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Clean your Rails routes: grouping

In Ruby on Rails, all the routes of a given application can be found within the config/routes.rb file.
You add more and more routes in this file as your project grows.

The problem here is that this file potentially becomes very complicated to manage over the time.
That’s why it’s important to find a way to order and maintain your routes.

See: Clean your Rails routes: grouping

Sometimes the routes.rb grows very fast and each line adds mo...

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Project management best practices: Stories

We organize our daily work with stories in Pivotal Tracker.

Story format

A good story needs to be precise. It should be very clear what is part of a story, and what is not. If there are different expectations between the person who writes and who implements a story, there will be rejects.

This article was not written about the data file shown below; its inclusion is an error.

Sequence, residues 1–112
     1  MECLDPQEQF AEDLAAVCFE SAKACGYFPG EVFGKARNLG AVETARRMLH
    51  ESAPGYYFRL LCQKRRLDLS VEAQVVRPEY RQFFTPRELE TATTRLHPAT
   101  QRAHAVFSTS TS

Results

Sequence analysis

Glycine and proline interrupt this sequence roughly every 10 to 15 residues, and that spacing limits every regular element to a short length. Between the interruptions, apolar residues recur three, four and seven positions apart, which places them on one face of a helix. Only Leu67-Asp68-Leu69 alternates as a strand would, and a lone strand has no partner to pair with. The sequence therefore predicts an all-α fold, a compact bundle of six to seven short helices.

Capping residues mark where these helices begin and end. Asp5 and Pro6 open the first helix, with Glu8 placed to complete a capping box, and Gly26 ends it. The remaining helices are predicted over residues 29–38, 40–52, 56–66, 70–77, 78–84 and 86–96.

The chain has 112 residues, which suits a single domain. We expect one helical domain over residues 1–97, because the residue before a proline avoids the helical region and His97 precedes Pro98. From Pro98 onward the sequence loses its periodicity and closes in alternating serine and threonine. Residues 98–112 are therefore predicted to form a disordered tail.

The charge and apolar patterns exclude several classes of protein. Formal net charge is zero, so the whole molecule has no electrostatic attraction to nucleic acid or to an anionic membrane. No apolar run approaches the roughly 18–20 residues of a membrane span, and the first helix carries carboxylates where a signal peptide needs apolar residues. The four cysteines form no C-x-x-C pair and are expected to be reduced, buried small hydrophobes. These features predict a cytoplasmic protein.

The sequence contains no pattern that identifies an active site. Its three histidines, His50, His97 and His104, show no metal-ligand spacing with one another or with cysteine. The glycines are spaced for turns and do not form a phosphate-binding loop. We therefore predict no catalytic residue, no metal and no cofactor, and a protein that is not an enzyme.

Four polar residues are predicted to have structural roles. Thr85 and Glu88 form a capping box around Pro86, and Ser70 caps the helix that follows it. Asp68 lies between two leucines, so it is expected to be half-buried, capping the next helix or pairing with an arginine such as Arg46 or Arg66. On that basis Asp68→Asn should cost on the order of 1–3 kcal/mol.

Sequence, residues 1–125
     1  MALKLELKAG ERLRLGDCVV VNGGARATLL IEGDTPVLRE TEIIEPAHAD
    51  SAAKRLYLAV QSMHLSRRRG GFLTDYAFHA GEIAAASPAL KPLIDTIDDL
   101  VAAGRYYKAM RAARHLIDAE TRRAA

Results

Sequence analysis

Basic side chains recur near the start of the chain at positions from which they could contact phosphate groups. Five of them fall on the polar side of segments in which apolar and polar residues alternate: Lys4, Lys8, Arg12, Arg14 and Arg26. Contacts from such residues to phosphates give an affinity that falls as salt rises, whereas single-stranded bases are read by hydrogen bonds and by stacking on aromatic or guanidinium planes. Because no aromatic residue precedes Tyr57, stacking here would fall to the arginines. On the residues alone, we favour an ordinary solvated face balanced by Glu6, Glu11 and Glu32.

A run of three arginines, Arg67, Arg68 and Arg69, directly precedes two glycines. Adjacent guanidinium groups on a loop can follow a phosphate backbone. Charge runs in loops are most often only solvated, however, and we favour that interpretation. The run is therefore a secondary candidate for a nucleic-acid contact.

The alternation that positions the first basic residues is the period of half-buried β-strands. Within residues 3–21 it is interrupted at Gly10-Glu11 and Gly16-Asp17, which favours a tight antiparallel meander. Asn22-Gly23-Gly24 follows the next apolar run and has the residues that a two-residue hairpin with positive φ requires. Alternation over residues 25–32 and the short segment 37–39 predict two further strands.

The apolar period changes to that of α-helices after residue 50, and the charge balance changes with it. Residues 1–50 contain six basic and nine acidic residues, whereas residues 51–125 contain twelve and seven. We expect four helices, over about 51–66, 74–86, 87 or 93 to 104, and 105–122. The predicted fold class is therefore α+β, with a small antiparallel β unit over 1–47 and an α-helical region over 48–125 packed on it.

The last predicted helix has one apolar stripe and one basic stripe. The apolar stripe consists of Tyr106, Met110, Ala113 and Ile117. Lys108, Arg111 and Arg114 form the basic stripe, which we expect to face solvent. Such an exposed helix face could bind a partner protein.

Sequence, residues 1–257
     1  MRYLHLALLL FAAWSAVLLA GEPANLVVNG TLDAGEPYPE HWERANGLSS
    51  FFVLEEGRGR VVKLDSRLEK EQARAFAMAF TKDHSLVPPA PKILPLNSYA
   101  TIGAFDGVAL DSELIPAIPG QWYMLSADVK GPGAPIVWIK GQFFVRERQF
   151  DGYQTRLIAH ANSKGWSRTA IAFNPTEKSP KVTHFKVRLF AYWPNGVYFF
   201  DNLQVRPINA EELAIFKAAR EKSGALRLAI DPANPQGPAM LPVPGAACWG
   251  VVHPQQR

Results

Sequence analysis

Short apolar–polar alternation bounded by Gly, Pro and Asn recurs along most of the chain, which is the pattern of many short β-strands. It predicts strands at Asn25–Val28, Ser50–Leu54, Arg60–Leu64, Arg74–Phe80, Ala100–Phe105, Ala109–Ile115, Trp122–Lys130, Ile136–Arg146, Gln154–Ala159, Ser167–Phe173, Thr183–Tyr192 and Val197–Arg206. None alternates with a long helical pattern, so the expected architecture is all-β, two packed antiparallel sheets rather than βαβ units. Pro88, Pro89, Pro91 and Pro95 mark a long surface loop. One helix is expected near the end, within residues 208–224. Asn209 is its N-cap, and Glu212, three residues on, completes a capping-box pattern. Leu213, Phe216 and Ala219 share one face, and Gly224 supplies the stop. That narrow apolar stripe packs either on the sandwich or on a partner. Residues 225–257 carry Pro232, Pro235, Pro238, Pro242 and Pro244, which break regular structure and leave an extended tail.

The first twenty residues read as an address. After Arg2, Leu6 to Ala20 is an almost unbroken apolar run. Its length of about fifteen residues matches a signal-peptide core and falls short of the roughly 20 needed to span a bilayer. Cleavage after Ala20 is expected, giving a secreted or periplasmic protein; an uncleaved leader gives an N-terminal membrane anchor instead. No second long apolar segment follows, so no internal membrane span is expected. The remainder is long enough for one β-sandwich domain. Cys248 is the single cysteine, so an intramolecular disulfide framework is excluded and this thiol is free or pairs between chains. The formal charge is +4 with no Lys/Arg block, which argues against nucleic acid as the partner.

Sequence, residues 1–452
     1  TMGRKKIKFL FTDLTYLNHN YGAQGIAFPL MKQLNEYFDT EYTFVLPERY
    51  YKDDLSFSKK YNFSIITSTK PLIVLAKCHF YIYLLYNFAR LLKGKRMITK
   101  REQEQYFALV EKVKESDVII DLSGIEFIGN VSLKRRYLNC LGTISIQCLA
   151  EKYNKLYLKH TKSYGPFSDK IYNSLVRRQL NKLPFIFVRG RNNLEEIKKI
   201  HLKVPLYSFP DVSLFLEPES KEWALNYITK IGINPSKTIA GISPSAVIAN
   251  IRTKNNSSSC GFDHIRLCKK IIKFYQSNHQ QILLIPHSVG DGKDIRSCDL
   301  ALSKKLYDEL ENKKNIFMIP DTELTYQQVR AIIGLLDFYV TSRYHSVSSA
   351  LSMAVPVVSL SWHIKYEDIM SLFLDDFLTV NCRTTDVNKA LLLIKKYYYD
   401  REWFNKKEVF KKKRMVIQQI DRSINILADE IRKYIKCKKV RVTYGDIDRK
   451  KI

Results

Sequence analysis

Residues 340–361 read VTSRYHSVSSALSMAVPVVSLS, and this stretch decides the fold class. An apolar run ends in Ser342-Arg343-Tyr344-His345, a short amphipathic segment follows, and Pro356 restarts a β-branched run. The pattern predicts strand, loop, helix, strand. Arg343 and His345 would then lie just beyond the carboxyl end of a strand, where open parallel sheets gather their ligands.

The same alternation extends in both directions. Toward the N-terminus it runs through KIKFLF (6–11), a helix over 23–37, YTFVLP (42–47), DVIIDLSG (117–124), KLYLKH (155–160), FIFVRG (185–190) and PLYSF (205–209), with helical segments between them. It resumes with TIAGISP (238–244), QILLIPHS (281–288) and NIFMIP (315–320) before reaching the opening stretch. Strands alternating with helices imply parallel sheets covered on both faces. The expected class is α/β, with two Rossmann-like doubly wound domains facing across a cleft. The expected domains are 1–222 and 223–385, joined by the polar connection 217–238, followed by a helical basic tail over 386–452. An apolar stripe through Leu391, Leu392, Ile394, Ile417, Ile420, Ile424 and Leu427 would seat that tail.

To this end, we use a consistent format for stories that looks like this:

Story: Autocomplete

As a journalist, I want to have an autocomplete in the search bar, to have a more efficient way to find articles.

Acceptance criteria
=======...
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Rails < 5: How to get after_commit callbacks fired in tests

If you use transactional_fixtures or the database_cleaner gem with strategy :transaction, after_commit callbacks will not be fired in your tests.

Rails 5

Rails 5 has a fix for this issue and no further action is needed.

Rails 3+

Add the gem test_after_commit to your test group in the Gemfile and you are done. You don't need to change the database strategy to deletion (which might...

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Preloaded associations are filtered by conditions on the same table

When you eagerly load an association list using the :include option, and at the same time have a :condition on an included table, two things happen:

  1. Rails 2, 3, 4, 5 tries to load all involved records in a huge single query spanning multiple database tables.
  2. The preloaded association list is filtered by the :condition, even though you only wanted to use the :condition to filter the containing model.